Craniosacral therapy: everything you need to know


Craniosacral therapy: everything you need to know

Dr. Michelle Zhou

Accessing CST

Also known as “cranial sacral therapy”, “cranial sacral treatment” and plain old “cranial”, it’s important to distinguish between CST and cranial sacral massage, which is emphatically NOT the same thing. Although the techniques may derive from similar principles, cranial sacral massage is typically administered by someone who is not a qualified health professional, and who therefore may not be able to correlate overall body condition and any other symptoms.

So, assuming you’re looking for the therapy and not the massage then, generally speaking chiropractors, osteopaths and some physiotherapists can help you with this. It’s always best to check with your practitioner whether they practice CST as it is not always a part of their university curriculum.

So, what is CST?

Essentially it is the movement and alignment of cranium (head) and sacrum (tailbone).

The dura is the sheath that wraps around our entire central nervous system, including the brain and spinal cord. Within the dura, both the brain and spinal cord are suspended in a liquid called cerebral spinal fluid (CSF). Its many functions include protection, in the form of shock-absorption, and providing chemical stability by balancing pH and taking away waste. It is a little like our circulatory system.

As the dura’s CSF system lacks a “heart” to pump the fluid around, our body has a clever little system whereby our inhalations and exhalations are synced with a specific movement of each of cranial bone, spinal vertebrates and the sacrum to create a pumping motion and keep the CSF flowing.

When a jam occurs in this system, our entire nervous system can be impacted. Craniosacral therapy identifies where the jams are and fixes them.

This is very similar to the overall principles of chiropractic. If the spinal and pelvic vertebrae are out of alignment, this causes a jam to the overall biomechanical and neurological functions of the body, resulting in pain, stiffness and numbness.

CST and babies

As infants have very wide spaces between the cranial plates, they are much more prone to misalignment than adults.

An example of this is flat head syndrome; Phagiocephaly is a medical term, deriving from the Latin, “phagio”, meaning oblique or slanting and “cepha”, meaning head – literally translated as “odd-looking-head”! The SIDS prevention recommendation is for infants to lie on their backs, however this can exacerbate this condition.

CST is very effective in treating flat head in infants and can achieve close to full correction of this issue, particularly if commenced before the closure of the front fontanelle, which occurs between the ages of nine and 18 months. As parents tend to know their children better than any medical professional, Mum or Dad noticing an unusually shaped head is what usually identifies this condition.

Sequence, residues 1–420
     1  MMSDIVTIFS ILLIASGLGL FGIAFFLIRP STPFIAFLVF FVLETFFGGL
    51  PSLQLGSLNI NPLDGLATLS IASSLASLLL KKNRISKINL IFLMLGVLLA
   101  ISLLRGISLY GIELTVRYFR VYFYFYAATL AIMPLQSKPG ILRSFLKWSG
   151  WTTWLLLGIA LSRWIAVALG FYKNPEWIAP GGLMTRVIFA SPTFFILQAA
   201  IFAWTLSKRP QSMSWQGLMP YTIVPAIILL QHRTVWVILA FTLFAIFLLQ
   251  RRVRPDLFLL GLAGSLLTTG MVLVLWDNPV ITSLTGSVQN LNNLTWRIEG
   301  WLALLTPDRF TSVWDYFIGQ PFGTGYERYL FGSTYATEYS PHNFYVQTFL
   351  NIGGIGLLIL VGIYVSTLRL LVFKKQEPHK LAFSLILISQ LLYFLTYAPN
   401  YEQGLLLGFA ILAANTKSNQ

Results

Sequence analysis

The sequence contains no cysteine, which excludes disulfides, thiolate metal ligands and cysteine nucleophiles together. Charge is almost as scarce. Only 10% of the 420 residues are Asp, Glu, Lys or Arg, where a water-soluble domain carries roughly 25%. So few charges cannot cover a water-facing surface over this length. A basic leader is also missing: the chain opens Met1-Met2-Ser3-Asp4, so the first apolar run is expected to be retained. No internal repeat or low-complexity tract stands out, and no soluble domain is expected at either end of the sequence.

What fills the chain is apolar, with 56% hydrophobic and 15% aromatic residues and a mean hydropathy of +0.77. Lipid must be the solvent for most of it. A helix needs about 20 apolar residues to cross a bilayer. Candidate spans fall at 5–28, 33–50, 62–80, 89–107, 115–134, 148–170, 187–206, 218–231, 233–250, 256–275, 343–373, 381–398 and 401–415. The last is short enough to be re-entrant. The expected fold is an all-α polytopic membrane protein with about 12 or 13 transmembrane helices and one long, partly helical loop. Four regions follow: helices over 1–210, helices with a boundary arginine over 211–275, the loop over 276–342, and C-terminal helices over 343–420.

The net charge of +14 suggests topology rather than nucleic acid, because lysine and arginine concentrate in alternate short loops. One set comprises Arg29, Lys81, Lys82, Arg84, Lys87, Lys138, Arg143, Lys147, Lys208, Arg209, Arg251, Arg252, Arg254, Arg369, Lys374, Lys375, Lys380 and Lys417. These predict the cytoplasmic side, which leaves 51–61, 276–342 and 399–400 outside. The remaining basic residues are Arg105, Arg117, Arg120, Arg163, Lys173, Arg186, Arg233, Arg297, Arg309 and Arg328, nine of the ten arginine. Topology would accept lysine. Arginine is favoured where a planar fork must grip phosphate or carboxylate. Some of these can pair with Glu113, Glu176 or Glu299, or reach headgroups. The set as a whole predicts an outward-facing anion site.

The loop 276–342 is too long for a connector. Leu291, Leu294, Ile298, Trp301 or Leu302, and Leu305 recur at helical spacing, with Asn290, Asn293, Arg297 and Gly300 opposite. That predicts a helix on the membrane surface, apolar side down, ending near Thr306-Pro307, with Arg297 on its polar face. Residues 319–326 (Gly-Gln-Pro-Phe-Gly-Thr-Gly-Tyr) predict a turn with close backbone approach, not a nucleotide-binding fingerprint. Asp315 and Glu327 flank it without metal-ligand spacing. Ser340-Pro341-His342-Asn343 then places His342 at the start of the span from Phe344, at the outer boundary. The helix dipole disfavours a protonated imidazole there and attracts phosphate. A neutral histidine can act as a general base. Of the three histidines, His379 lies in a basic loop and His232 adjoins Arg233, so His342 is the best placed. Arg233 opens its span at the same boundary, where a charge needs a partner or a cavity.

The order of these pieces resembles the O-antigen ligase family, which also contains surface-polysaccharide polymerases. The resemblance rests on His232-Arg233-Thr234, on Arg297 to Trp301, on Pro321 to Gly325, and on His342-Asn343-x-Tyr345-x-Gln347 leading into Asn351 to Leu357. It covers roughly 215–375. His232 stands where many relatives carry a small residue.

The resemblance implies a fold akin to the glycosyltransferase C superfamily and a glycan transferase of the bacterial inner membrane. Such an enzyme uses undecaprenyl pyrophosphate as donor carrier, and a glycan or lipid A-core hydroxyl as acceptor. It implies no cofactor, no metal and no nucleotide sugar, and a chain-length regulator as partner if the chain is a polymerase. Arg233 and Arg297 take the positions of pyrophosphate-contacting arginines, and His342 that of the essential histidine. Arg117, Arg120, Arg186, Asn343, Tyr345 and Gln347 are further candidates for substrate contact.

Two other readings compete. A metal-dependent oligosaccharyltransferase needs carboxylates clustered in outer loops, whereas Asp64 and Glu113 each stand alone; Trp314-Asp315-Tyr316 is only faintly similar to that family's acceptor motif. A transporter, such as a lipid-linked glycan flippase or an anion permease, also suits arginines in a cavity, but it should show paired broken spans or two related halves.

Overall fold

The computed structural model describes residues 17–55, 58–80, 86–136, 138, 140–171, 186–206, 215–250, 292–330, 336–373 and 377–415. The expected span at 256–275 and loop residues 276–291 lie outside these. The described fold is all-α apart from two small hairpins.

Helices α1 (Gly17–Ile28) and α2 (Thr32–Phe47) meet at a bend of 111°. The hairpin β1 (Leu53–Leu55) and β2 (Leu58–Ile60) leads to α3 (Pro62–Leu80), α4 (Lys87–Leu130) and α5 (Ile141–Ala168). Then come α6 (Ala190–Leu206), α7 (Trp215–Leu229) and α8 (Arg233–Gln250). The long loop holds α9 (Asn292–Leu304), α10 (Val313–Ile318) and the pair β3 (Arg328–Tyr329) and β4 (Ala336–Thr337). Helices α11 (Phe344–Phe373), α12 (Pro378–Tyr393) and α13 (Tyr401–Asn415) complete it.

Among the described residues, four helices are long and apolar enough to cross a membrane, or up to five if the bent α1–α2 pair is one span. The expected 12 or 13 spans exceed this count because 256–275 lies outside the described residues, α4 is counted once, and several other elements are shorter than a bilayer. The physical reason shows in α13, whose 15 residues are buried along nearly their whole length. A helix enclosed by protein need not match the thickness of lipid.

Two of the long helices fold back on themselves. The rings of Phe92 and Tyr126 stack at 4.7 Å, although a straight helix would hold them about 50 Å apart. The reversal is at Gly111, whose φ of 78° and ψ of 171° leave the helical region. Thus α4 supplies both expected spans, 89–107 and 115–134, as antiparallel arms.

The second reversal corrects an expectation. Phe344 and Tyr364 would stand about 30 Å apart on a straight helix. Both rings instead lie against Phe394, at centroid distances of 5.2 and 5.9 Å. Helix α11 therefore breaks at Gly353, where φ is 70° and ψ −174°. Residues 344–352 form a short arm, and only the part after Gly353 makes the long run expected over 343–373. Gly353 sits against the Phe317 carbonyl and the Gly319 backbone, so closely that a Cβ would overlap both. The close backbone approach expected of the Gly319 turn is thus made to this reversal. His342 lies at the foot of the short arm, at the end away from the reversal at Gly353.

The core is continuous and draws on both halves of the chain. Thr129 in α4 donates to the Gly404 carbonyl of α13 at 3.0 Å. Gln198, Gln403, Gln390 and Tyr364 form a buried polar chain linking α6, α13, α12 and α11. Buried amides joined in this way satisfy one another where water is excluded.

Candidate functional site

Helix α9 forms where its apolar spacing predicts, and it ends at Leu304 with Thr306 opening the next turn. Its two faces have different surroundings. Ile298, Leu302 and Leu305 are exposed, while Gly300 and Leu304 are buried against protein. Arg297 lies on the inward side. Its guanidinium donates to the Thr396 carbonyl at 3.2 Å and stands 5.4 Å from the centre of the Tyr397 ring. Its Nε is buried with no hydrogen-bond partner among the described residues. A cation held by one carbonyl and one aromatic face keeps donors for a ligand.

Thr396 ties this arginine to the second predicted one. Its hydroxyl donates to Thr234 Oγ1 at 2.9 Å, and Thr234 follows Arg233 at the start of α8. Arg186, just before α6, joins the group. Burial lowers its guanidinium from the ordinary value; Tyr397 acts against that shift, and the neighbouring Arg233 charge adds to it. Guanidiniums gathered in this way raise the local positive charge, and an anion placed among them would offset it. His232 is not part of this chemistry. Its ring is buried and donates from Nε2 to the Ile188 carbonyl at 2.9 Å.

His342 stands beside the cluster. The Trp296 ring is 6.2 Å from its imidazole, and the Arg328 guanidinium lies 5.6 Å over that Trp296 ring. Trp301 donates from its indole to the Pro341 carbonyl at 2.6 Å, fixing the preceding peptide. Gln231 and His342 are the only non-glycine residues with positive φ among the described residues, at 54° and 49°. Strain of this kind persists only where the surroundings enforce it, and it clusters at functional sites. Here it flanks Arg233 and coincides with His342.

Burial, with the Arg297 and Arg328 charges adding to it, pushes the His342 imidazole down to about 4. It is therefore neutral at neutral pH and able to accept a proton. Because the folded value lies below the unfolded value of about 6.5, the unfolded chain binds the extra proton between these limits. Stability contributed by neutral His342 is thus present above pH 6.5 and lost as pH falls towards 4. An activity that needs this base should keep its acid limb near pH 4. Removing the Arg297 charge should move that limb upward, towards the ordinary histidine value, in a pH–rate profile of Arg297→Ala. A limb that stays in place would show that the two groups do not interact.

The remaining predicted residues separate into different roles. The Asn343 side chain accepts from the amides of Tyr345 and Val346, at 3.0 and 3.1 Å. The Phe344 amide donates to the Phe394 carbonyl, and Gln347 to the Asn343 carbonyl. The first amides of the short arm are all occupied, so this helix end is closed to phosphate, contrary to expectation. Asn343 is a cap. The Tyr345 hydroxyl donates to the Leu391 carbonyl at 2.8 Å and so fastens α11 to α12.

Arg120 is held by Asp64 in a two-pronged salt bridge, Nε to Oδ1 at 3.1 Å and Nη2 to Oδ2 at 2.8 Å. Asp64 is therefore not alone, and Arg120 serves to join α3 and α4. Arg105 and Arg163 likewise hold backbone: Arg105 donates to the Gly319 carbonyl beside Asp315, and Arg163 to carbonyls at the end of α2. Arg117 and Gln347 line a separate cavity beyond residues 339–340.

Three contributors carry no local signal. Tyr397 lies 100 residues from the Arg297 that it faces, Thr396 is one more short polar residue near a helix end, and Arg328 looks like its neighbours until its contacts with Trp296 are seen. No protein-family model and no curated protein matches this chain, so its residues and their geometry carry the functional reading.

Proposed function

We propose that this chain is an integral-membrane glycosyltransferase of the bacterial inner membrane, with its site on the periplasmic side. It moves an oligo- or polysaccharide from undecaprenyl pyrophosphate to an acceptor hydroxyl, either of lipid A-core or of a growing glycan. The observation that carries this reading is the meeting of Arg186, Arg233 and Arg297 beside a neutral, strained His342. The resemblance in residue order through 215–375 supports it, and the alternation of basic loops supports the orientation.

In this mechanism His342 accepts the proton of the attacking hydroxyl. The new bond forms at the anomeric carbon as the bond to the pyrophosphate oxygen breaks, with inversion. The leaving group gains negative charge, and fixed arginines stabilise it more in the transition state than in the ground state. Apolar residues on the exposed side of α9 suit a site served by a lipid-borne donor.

Our body – and especially our nervous system – is such a complex machine – and no two people will respond in the same way to treatment. I hope that this diagram helps to clarify the link between brain and body.

CNS diagram

CNS diagram

The other effect of CST is to facilitate the flow of cerebral spinal fluid, and as a hands-on therapist, I’m still amazed by the results that this can deliver to babies and adults alike. Some paediatricians are sceptical of these benefits, and frankly, it is completely understandable, as measuring the precise effects of improved CSF flow can be tricky. Some effects that I have personally witnessed include improved sleep, better settling, less gassiness after feeding, less frequent sinus blockage, fewer ear infections…  or no noticeable changes at all!

As a health professional, I would recommend that all newborn babies have CST and a spinal assessment to ensure that everything is working well. Some signs and symptoms to look out for include: asymmetrical head or face, difficulty feeding, extra fussy, settling or sleeping issues and poor suck.

CST for adults

As adults, our cranial plates are closed by sutures. A small amount of wiggle room exists in these sutures, as well as in the bones of the face, and, because it is a joint like any other, this can move out of alignment, becoming “stuck” and needing adjustment.

Symptoms that can suggest cranial issues include, but are not limited to, trouble sleeping, headache, low moods, lethargy, irritability and even feeling overwhelmed or stressed. As the above diagram demonstrate the intricate and vast connection of our nervous system, the symptoms can vary from person to person, and in exactly the same way, outcomes of care can vary too.

Treatment can vary between each individual person and may often involve a little bit of trial and error, so the best way to determine if CST is right for you is to find a suitable practitioner that is open to communicate openly with you and listen to your health goals.